I won’t go into too much internal COM detail because this article is primarily about . A Guid value is defined on the interface and on the class.NET classes as COM classes, but I’ll provide some explanation of that traditional behavior because (for example) a C client program is still dependent on it. These values are used by COM clients to locate the assembly that implements the COM class.In addition, changing the interface or the method parameters may result in enough difference that Visual Studio will generate a new Guid, if you don’t specify one yourself.In other words, you’ll have an unpredictable series of Guids that make diagnosing problems rather difficult. Again, you will get a default Prog Id based on the namespace and the class name, but Prog Ids need to be unique to a system, so the best practice is to base them on a company name and a product name rather than let the default be generated.Shared side-by-side assemblies can be installed by an operating system update, or by a Windows Installer package that installs or updates an application.For more information, see Installation of Win32 Assemblies.For more information, see About Isolated Applications and Side-by-Side Assemblies.
Sometimes I’ll use terminology from traditional COM, because COM client programs still behave the way that COM clients have always behaved. NET programmer, but what we’re doing here is COM programming, and that’s based on interfaces, so declare an interface: ) these two types will be found.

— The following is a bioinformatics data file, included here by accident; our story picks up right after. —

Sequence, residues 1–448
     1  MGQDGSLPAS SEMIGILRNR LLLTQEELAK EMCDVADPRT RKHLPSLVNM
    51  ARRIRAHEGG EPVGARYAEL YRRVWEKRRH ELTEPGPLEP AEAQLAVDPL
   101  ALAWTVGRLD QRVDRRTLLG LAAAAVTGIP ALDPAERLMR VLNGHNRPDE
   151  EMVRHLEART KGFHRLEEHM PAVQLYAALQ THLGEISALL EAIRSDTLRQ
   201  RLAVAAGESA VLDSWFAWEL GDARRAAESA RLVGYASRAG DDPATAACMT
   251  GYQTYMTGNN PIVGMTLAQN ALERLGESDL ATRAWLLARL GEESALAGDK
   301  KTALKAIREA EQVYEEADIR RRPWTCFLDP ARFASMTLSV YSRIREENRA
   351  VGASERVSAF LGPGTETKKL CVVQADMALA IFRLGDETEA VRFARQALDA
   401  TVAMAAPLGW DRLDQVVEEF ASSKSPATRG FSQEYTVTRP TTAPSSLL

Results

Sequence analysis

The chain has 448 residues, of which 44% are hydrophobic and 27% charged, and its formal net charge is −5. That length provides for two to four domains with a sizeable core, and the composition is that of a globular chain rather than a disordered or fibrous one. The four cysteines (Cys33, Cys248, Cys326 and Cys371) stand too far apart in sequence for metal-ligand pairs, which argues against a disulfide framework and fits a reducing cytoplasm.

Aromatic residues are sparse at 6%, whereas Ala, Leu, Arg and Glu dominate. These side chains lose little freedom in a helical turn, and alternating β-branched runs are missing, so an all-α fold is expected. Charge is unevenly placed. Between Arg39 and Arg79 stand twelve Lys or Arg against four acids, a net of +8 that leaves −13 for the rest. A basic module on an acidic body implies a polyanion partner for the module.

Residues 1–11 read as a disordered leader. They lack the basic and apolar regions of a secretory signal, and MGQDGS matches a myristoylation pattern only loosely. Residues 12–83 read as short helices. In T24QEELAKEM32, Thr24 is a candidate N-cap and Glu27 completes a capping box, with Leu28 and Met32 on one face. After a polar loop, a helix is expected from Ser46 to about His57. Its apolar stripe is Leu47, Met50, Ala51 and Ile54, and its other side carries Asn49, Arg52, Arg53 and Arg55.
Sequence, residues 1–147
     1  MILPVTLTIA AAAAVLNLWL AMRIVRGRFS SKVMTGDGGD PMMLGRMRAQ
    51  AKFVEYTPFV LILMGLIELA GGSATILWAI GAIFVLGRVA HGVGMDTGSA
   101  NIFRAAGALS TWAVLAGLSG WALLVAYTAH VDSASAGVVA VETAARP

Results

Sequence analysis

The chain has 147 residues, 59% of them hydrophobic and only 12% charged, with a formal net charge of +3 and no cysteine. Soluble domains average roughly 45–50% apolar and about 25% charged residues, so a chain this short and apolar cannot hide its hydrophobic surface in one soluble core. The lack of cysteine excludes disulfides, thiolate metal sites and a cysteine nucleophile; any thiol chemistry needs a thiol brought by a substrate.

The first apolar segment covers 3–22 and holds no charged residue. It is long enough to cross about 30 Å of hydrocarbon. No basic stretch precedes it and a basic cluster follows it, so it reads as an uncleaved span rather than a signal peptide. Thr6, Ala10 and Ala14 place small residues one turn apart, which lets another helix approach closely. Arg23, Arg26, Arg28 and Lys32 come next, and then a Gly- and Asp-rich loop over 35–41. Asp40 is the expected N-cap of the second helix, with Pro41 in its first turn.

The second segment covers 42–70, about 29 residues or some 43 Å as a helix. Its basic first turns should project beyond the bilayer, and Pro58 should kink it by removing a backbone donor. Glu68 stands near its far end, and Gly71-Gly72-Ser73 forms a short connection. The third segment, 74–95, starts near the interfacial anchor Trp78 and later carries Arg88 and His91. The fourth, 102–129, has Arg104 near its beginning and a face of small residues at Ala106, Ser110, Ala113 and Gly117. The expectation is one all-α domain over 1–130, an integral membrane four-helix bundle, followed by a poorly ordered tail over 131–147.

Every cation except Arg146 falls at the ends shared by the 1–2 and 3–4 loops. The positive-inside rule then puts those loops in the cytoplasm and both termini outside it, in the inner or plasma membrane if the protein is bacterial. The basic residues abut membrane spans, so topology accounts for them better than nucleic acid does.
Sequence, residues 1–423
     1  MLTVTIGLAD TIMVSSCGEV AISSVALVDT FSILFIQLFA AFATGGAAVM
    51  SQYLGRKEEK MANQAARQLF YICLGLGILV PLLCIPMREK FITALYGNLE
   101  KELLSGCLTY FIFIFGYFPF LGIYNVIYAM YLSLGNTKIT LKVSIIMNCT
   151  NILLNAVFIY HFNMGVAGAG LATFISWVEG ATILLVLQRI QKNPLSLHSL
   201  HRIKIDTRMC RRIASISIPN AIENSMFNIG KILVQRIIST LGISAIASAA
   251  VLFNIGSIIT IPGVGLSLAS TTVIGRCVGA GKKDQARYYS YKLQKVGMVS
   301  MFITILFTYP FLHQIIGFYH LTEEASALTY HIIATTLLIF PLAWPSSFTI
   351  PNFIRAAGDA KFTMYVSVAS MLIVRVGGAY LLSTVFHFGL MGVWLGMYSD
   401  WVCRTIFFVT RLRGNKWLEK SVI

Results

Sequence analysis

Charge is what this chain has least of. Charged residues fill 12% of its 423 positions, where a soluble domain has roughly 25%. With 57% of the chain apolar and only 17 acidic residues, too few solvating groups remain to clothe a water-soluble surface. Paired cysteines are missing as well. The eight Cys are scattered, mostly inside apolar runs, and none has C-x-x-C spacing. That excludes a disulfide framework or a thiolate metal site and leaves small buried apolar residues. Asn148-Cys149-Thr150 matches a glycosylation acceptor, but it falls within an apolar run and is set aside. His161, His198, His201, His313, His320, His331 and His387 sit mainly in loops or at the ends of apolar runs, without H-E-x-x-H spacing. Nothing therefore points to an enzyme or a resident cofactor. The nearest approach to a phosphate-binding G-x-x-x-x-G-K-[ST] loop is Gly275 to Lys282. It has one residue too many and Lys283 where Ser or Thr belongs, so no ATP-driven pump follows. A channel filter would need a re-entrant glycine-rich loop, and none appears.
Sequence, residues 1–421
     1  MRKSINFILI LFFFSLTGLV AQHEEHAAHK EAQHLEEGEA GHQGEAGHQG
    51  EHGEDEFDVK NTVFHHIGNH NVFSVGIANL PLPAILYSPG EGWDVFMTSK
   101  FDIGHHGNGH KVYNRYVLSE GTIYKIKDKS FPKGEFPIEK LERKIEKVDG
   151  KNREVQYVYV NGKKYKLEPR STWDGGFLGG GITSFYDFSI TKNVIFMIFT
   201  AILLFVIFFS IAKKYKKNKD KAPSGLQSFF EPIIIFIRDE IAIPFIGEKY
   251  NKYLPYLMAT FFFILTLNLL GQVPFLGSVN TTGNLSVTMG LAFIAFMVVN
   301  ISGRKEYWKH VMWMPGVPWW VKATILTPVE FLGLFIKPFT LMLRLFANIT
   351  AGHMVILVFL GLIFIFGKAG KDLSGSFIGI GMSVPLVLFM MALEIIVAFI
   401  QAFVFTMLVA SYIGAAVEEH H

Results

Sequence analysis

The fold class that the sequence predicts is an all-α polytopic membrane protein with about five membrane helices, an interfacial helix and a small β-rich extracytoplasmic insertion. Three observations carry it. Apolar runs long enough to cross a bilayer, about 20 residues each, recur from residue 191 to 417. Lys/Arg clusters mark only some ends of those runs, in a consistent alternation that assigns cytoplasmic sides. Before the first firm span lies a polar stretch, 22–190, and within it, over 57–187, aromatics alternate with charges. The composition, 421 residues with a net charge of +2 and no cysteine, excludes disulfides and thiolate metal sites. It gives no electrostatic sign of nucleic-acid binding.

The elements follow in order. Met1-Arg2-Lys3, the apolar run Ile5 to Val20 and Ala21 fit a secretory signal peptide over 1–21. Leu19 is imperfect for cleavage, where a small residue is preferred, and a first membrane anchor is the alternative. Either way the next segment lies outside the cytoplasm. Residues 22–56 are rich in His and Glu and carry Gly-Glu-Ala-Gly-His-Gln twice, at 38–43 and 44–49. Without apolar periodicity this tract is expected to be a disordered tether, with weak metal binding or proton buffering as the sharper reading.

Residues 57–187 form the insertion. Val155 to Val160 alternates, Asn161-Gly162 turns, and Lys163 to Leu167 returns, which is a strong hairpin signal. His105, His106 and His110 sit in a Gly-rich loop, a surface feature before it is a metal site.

Apart from the standard reasons for using a strong name, it also makes your assembly unique because assembly name, strong name and assembly version are all used to identify a unique assembly.
When updating a COM interface, the contract on the original interface must remain the same, otherwise you risk shipping a new version of your assembly and immediately breaking existing client programs.
Prior to Windows XP, shared assemblies were registered globally and installed in the Windows System folder.
In this case, the latest installed version of the assembly is available to any application that binds to it.
It means that the compiler and the IDE know, at development time, the structure of the interfaces and methods and can perform type checking and be validated at compile time. It means that the code does not know at compile time whether the methods that are being called actually exist or whether the parameters are correct.